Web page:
In 1979 I tackled the Alaska Highway, hitch-hiking with a friend through northern British Columbia and into the Yukon. It was a grand adventure into the great unknown on a "highway" that was over a thousand miles of dirt road through the mountain wilderness. From inside the cab of a half-ton truck, the scenery was exhilarating. Vast tracks of evergreen forests as far as the eye could see filled the air with the fresh pungent smell of spruce. Flowing rivers, high mountain peaks and abounding wildlife went on and on for hundreds of miles. Dilapidated tourist shops and gas stations appeared every fifty miles or so. At one heart-stopping bend in the road we came upon a mother grizzly and her cub foraging in the ditch. It truly was the adventure of a life-time. Especially when things took a turn for the worse.

Night fell not long after we crossed over the Yukon border. As the ride continued, my friend dozed off. Then I fell asleep too. And just north of Teslin in the middle of nowhere, so did our driver. Suddenly all three of us were jolted awake to see that we weren't just heading for the ditch; we were going down the mountainside! The driver managed to steer the truck so it would go straight down, and down we went. Bouncing over bushes, crashing through small trees and barely missing huge boulders, we were helpless until we came to a full stop about a hundred yards below the road. Miraculously, nobody was even scratched!

My companions curled up in sleeping bags by a campfire to wait out the rest of the night. I was too overwhelmed to sleep. I sat on a log instead, gazing at the night sky and thinking big thoughts. I considered how lucky we were and wondered why some people are lucky and others not. I decided I was lucky because my parents prayed for me. Then it hit me: obviously someone was answering!

Maxine and her brother Murray Heckbert.

The more I sat there thinking, the more I wondered. Finally I thought if God wanted me to know He was real, He would tell me. So I spoke out into the darkness "God, are you there?" And He answered with two simple words: "I am." The words impacted me like a spiritual lightening bolt. It wasn't an audible voice I heard. Rather it felt like every cell in my body just woke up and received these two words into my whole being. Suddenly I knew beyond a doubt that God was there, watching over me. But when I asked Him to tell me exactly who He was, I heard only silence. It felt like He was saying, "It's for Me to know and you to find out."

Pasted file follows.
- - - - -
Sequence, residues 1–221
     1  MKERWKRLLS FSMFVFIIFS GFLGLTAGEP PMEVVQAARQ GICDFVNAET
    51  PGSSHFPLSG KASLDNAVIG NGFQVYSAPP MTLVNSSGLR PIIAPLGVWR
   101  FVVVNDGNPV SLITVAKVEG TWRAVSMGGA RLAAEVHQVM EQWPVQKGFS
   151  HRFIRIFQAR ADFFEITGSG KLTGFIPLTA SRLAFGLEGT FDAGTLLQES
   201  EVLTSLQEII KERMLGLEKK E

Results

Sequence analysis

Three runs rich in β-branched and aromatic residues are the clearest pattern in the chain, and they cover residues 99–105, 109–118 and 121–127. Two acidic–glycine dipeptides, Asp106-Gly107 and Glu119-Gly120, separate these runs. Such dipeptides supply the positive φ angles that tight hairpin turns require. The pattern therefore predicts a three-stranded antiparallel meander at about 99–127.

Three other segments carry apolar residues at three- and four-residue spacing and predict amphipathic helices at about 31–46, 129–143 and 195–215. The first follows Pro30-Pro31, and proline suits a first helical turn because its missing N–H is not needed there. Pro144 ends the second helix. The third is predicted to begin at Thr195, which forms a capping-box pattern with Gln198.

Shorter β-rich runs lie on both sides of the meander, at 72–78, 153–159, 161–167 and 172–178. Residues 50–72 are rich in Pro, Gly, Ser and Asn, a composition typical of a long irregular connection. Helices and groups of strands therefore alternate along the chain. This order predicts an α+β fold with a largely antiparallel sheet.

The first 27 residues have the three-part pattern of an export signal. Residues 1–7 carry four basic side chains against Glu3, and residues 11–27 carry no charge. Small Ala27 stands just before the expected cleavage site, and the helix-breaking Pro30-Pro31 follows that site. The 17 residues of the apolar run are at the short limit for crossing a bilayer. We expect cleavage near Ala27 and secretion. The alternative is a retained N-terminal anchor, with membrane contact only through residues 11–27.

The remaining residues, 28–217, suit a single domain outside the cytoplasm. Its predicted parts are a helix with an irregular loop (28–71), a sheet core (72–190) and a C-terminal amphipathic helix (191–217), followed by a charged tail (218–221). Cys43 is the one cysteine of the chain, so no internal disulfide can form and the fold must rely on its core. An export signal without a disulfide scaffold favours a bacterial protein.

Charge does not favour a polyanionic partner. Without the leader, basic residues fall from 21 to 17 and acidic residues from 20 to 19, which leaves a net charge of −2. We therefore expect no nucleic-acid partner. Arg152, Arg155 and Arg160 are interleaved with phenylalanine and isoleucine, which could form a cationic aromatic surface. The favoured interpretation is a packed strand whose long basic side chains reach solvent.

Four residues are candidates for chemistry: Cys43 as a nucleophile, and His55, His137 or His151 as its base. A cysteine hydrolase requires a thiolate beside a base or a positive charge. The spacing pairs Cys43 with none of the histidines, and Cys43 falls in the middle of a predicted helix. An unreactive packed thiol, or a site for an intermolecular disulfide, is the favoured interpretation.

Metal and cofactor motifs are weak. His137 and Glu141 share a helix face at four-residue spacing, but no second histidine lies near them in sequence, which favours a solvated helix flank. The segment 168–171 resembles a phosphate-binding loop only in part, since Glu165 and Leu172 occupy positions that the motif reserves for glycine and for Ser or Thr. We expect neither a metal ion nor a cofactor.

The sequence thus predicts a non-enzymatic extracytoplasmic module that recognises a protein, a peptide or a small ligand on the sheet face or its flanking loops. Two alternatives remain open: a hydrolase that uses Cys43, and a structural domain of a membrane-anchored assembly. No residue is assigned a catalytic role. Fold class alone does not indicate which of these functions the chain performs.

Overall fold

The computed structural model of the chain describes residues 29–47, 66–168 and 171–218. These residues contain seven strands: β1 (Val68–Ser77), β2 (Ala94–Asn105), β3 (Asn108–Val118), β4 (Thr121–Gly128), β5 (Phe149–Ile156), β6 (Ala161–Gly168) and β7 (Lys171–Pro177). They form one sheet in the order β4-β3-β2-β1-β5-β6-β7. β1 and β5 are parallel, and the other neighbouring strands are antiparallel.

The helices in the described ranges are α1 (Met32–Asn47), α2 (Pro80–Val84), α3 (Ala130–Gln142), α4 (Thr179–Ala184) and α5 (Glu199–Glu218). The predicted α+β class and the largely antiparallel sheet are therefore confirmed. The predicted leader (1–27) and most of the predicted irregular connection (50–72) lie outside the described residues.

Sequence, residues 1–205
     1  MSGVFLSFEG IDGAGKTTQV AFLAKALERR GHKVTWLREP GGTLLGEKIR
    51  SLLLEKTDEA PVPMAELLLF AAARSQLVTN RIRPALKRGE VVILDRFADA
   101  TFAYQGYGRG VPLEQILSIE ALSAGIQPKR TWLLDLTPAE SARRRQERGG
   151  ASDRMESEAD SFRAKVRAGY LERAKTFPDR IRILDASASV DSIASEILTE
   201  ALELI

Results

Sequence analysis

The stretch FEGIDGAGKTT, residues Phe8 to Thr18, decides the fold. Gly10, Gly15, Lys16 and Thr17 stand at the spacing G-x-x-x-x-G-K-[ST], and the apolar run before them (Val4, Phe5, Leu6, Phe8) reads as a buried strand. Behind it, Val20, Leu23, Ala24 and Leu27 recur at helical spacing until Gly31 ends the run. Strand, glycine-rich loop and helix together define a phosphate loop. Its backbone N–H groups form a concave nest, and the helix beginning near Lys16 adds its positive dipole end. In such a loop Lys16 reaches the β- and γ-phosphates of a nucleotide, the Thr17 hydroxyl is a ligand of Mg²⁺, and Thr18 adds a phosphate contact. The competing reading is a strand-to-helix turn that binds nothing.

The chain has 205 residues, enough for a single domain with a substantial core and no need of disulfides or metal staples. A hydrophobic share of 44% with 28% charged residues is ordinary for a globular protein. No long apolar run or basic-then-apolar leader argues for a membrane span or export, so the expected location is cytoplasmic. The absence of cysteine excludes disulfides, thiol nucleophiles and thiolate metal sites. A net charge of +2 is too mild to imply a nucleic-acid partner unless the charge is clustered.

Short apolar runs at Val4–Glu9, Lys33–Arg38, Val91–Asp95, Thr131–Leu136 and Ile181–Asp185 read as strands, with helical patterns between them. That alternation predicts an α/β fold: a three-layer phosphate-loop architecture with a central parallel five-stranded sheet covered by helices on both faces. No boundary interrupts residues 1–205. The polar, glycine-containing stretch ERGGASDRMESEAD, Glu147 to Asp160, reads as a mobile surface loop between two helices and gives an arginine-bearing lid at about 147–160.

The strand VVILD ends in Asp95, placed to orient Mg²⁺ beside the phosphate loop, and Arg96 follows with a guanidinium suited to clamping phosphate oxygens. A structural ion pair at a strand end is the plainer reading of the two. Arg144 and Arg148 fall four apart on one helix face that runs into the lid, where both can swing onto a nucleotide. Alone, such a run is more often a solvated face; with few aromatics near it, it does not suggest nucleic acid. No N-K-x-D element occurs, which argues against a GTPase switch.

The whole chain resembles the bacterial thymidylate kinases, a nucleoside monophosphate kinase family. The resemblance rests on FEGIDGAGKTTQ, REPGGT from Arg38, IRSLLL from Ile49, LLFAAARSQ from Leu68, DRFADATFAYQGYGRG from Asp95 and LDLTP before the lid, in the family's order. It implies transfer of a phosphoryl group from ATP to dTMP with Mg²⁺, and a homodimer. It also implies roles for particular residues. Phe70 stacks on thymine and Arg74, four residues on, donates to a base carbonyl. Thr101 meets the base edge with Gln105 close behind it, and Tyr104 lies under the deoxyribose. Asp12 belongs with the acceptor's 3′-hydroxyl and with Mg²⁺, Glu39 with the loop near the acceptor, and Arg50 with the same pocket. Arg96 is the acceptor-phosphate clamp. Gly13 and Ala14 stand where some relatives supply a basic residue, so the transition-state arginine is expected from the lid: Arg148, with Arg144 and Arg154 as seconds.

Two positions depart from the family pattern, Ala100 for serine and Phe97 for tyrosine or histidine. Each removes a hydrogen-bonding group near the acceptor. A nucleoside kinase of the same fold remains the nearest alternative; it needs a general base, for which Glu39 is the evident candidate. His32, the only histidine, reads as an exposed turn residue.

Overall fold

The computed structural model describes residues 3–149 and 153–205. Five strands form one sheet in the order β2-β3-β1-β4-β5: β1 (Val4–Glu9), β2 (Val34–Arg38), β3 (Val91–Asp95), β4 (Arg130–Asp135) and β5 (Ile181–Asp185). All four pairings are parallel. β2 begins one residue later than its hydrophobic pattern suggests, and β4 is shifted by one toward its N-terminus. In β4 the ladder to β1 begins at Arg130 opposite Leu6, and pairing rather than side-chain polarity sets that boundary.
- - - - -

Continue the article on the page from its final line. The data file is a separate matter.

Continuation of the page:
So I thought some more. What did I know about God so far? I remembered going to Sunday school and church, but couldn't remember anything about who God really is. I thought about CGIT with the same result. Then I remembered Jack. And I remembered what Jack said, and how he had staked his whole life on what he believed. I decided to be like Jack.

Soon the sun came up and the light was everywhere, especially in my heart. In the back seat of a truck on the drive into Whitehorse, I asked Jesus to forgive my sins and come into my life. As the years passed I learned all about God through His Word. I came to know Him as the great "I Am" and as a man named Jesus who specialized in not conforming and breaking with mindless traditions for the sake of truth and love. I know Him as the Spirit of Truth who guides me in all truth, so I too can trust God fully and live for Him. And I know Him as the voice of love expressed through faith, flowing from the hearts of people who are willing to stake their lives fully on God in order to reach others for Him.

Thanks, Jack.

Maxine is a now an avid writer and homeschooling mother of two, who continues to live outside the box by the Bay of Fundy in Nova Scotia, close to the Creator and His bald eagles who keep her gazing heavenward. She recently published her testimony in a book: Church Triumphant.

Originally published in Word & Deed, an SCA International publication, Summer 2006.